New study trialling pill for meth addicts steered by Curtin University researchers

New study trialling pill for meth addicts steered by Curtin University researchers

A PILL to get methamphetamine addicts off their habit will be trialled in eastern Australia by Curtin University researchers.

The two-year N-ICE trial in Wollongong, Geelong and Melbourne is being led by the Curtin University National Drug Research Institute in Western Australia.

Researchers want to know if n-acetyl cysteine, or NAC, can help crystal meth addicts quit.

Lead researcher and NDRI Associate Professor Rebecca McKetin said previous studies showed NAC could reduce cravings for methamphetamine use and other substances including cocaine, cannabis and tobacco.

“When someone first takes ice they experience the desirable effects of intoxication. But if they continue to use, and become dependent, changes occur in the brain that cause cravings, making it hard to stop using ice,” she said.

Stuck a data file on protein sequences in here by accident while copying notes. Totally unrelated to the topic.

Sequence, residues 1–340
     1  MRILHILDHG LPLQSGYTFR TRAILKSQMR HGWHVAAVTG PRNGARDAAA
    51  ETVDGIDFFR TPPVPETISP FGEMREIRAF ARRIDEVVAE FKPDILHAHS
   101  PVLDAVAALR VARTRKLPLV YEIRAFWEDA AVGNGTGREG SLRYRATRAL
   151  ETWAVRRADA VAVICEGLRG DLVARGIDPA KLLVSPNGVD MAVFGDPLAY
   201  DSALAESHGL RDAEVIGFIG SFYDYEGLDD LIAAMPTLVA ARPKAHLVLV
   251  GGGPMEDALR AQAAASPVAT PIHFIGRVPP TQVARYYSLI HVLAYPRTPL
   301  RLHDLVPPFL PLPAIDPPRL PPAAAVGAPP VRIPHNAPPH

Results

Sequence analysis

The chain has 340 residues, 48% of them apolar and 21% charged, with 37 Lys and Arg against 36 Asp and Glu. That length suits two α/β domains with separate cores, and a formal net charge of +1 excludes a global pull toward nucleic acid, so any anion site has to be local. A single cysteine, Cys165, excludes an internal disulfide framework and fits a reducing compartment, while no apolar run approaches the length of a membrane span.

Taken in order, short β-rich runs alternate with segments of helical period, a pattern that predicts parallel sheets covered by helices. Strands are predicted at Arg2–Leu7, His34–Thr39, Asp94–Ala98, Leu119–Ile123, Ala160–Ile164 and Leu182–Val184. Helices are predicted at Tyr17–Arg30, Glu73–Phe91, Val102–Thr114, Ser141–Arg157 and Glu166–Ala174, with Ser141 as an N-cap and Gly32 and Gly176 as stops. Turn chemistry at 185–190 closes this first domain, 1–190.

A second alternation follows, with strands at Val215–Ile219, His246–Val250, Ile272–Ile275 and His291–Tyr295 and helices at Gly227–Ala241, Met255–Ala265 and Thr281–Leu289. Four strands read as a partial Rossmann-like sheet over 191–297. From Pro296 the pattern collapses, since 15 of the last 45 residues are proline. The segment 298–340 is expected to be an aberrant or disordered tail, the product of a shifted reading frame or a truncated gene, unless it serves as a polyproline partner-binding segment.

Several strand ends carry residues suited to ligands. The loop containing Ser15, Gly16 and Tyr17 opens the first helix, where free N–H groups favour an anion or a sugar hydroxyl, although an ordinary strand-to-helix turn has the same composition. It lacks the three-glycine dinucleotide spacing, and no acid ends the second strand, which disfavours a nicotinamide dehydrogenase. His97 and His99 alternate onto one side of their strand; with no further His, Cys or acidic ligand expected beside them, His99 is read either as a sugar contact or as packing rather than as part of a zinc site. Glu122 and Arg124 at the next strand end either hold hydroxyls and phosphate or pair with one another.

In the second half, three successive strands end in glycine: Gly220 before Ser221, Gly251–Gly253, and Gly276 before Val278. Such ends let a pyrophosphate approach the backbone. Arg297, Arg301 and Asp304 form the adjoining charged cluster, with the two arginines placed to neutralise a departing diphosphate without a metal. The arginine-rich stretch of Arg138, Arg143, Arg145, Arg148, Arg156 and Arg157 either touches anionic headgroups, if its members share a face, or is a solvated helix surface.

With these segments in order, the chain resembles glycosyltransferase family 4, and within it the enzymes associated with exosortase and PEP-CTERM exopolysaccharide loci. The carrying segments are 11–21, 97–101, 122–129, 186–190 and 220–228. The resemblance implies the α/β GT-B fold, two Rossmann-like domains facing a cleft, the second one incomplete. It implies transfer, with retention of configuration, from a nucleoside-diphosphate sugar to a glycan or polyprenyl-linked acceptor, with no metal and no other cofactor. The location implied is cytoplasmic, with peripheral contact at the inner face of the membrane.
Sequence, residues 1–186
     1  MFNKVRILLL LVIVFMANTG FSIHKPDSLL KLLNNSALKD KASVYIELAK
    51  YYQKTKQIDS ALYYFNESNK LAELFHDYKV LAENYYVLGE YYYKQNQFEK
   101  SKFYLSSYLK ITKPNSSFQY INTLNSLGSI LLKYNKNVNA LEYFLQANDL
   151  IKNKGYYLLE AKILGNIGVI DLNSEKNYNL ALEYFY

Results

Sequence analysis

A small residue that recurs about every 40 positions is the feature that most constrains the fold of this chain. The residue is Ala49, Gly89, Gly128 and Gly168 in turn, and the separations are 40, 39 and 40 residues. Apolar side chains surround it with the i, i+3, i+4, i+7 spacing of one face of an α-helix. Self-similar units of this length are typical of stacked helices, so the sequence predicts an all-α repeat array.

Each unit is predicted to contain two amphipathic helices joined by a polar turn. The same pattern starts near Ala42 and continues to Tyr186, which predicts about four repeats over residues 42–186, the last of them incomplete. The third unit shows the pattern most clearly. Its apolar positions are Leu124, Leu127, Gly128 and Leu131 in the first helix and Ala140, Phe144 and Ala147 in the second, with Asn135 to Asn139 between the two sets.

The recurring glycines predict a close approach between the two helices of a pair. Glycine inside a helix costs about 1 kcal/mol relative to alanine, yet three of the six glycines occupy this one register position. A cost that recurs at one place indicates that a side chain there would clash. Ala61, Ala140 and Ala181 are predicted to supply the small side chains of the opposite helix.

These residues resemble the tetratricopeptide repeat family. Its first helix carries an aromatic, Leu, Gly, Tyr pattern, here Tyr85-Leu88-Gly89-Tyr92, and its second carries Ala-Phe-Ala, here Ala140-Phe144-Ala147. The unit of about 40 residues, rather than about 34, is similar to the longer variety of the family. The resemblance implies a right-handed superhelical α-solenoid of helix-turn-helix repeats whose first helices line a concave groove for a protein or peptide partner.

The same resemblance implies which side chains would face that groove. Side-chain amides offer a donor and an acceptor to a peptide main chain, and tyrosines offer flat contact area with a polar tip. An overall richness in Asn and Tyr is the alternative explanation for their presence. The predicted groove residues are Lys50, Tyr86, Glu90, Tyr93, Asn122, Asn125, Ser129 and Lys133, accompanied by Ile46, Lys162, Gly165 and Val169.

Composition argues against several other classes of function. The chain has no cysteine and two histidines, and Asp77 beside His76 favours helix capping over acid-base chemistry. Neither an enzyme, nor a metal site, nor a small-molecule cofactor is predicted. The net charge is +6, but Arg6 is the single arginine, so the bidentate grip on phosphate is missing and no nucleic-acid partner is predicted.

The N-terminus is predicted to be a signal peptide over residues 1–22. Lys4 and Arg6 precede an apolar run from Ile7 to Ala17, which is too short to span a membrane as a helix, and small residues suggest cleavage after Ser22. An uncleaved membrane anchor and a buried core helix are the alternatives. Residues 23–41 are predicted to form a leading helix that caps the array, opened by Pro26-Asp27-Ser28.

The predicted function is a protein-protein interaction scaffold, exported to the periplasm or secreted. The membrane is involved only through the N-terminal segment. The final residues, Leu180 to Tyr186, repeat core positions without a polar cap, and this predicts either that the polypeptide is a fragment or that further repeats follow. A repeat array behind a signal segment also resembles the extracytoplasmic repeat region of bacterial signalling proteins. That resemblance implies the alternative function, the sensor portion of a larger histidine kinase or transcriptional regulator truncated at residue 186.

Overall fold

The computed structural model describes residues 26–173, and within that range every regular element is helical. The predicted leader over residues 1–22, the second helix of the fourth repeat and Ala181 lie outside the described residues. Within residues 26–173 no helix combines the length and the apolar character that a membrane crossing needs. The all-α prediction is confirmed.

“NAC helps to reduce cravings by restoring the balance of chemicals in the brain that are involved in craving and drug seeking, making it easier for people to manage their desire for the drug.

Associate Professor Peter Kelly from the University of Wollongong, who is affiliated with the Illawarra Health and Medical Research Institute, said there was currently no approved medication to treat addiction to ice and this was a significant barrier to users seeking treatment.

“The main forms of treatment are counselling interventions and residential rehabilitation. For this reason trialling NAC introduces a novel approach to treating ice addiction,” he said.

Dr Brendan Quinn from the Burnet Institute in Melbourne said many people who use ice do not access these traditional treatment options.

“Over-stretched services with wait lists, the need for lengthy residential stays, stigma and fears about confidentiality are among the reasons people don’t get treatment,” Dr Quinn said.

“We are hoping this take-home medication can help people who aren’t accessing these conventional drug treatment options to reduce or stop their ice use.”

The trial is being funded by the Federal Government’s National Health and Medical Research Council.